Sep 17, 2010

Pack with Me: a guide for the Korea-bound

I'm saddling up for another year abroad, and oh boy, it's packing time. 

Packing combines some of my favourite trivialities; list-making, zipper operation, and hearing people say "gee, you pack light!" (with me, luggage-flattery gets you everywhere). 

I'm in a good position, having already been to Korea before. I have a better sense of what to bring, and I'd love to share that info with the blogworld. 

Below, my Dos and Don't for a Year in Korea.


Do: deodorant
Don't: body lotion, soap, shampoo, conditioner
Well, they do sell deodorant in Korea, but it's the delicate stuff. This Canadian needs industrial-strength to get through the humid, smoggy summers of urban Korea. 

Really, though, it's the only toiletry you need to pack. Korean beauty products are potent and cheap. Just look around at Korean women. Aren't they always lovely? Have you ever once suspected them of using inferior moisurizers? Thought not. Travel with trial-sized essentials, and once you're in Korea, go to a Skin Food shop - the products are all labelled in English, and they're all great. You just saved yourself about three litres of space in your luggage.


Do: bras, underwear, pants
Don't: shoes, socks
If you're an average-sized North American, odds are that you won't fit into Korean clothing, especially (ladies) on the bottom half of your body. Foot sizes, however, vary less than clothing sizes. If you have an average-sized foot in North America, you'll be able to find ample footwear in Korea. Shoes tend to be cheaper too, so don't put four pairs of boots in your luggage. 


Do: winter coat
Don't: hats, mittens, gloves
You may find that Korean winter coats are tight on your lovely broad shoulders. Scarves and mittens will fit anyone, though. You can also easily wear Korean hats unless you have an exceptionally big head. I knew a Scotsman who had to order a helmet off the Internet because nothing in Korea would fit him. But that's another category...

Do: foundation, powder
Don't: eyeshadow, lipstick, nail polish
Korean women (and boy band singers) are a well made-up lot. My makeup bag is still stuffed with Korean brands, and I haven't been there in two years. Their makeup is high-quality, and brands like Banila, Face Shop, and Skin Food are cheap. You may want to bring your own foundation and concealer, though, if your complexion is quite un-Korean. As far as makeup goes, their skin tone options don't vary much.


Do: obscure new releases, Canadian lit, graphic novels, poetry...
Don't: your Jane Austen anthology

University bookstores are a good source of classic literature, in English. Most big cities have a Kyobo bookstore, which stocks a small English-language selection. The books here tend to be broad, though; think Girl With a Dragon Tattoo, not this year's Giller Prize shortlisters. If you like niche genres, bring a few titles in your luggage. 


Do: some favourite teas or spices
Don't: a crate of Kraft Dinner, three packages or Oreos, jars of your favourite salsa

Food plays a big role in homesickness, I know, but there's no need to fill your luggage with bulky, breakable things. My food packing list includes English Breakfast tea, cinnamon, maybe one bag of peanut butter cups. Portable, hardly breakable, small. Home Plus has Alpen and Cadbury and other western goodies; so do foreigner grocery stores in big cities. You can also sweet-talk someone from a US military base, and get access to the base grocery store. Those Pop-Tarts may come at a price though.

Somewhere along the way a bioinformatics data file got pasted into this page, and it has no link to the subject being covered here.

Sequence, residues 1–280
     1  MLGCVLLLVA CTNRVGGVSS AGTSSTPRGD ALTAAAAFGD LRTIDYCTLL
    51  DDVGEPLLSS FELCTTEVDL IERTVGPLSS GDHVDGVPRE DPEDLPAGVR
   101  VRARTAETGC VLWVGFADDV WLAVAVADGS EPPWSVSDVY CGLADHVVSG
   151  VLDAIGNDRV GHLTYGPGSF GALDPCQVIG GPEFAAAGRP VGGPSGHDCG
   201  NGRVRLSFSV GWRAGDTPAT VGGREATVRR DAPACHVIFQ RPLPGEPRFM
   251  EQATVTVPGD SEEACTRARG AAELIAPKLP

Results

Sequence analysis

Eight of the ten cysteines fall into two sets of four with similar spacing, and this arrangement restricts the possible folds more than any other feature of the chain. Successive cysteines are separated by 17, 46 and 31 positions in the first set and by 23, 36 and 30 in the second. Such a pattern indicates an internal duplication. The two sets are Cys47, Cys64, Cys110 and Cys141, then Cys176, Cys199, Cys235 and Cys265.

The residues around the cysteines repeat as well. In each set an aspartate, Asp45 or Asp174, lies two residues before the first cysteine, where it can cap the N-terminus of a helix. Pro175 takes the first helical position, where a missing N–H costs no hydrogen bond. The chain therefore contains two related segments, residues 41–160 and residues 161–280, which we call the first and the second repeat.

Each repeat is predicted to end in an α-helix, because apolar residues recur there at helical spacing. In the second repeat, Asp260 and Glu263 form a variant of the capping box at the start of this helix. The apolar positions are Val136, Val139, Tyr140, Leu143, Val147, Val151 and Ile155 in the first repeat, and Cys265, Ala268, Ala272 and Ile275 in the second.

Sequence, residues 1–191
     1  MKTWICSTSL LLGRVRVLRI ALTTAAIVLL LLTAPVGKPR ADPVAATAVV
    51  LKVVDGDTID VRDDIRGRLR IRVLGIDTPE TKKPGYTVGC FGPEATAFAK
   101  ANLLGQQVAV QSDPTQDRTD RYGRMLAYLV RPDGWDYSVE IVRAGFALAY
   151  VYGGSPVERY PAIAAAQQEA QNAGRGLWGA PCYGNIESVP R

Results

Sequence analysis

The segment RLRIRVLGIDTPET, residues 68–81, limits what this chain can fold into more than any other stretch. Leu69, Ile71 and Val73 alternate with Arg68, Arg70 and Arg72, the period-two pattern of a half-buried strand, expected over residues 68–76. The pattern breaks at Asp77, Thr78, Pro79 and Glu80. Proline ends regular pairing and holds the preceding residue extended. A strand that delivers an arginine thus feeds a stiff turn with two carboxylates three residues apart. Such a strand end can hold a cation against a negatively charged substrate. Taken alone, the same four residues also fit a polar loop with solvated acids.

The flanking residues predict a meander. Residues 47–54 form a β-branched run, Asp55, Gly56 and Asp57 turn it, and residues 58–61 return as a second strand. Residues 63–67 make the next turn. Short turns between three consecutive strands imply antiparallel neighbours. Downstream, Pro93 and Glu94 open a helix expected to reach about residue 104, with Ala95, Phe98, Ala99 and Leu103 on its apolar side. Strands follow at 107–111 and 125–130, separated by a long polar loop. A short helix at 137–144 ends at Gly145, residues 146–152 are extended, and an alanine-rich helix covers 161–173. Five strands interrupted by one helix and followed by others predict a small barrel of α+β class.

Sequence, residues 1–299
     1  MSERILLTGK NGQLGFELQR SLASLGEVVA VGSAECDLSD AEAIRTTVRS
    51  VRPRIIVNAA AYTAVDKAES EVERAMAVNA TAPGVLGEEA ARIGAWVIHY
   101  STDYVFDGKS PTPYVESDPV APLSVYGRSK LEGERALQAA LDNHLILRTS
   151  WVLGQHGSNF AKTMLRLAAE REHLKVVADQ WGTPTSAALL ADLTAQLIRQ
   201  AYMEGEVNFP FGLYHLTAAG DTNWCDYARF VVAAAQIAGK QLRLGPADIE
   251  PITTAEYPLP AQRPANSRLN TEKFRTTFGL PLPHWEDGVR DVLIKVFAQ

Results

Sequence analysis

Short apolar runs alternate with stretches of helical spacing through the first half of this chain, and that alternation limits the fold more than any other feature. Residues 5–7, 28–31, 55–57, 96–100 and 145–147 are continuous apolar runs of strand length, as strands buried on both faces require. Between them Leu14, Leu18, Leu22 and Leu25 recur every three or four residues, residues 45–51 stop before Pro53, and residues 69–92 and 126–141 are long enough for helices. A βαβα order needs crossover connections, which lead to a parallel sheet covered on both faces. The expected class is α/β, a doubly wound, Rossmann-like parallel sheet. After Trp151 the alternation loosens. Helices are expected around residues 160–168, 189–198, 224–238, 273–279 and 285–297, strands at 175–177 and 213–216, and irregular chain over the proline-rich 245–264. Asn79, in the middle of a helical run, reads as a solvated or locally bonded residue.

Do: a few choics photographs
Don't: a milion framed photos, hand-written notes, a clay paperweight your nephew made.

A ton of mementos are just unnecessary bulk. To personalize your apartment, bring photos and buy cheap frames in Korea. Use a pashmina as a table runner, or bring some fridge magnets to personalize your kitchen. If you just want to decorate, ask around to see if any teachers are leaving Korea; you may be able to adopt some choice secondhand stuff.


Do: a duffel bag or backpack
Don't: a suitcase with a frame

If you're in a bachelor apartment or one bedroom in a shared place, you'll resent that framed bugger for taking up precious, limited space. Collapsible luggage stores easily.


  1. This is excellent, Anne. Fwiw, I wear size 11 American and didn't have a problem finding shoes. Technomart!

  2. Just had my kids bring Motrin, Ranch dressing, a set of sheets and more deodorant. I have either forgotten about everything else or found acceptable substitutes. Looking forward to seeing you!

  3. The Lady in Red seconds the bras. Being a size somewhat rare among the locals means they're a bit harder to find. Gentlemen - pack plenty of boxers. What Koreans call 'boxers' are not stretchy and not particularly comfortable.

    Before leaving, have a good friend or parent serve as shipping person - which means keeping them up to date with your school's address and any requests from your home country. They should have access to your bank account, or Paypal them the funds to purchase your requests.

  4. Great idea for a post! I like how you laid it out in do's and don'ts. I had trouble finding good deodorant in Pakistan as well, although I think that's cause most of it was fake!

  5. Ha, I love hearing Canadians say Kraft Dinner. I've had a hard time finding shoes my size in Korea, though.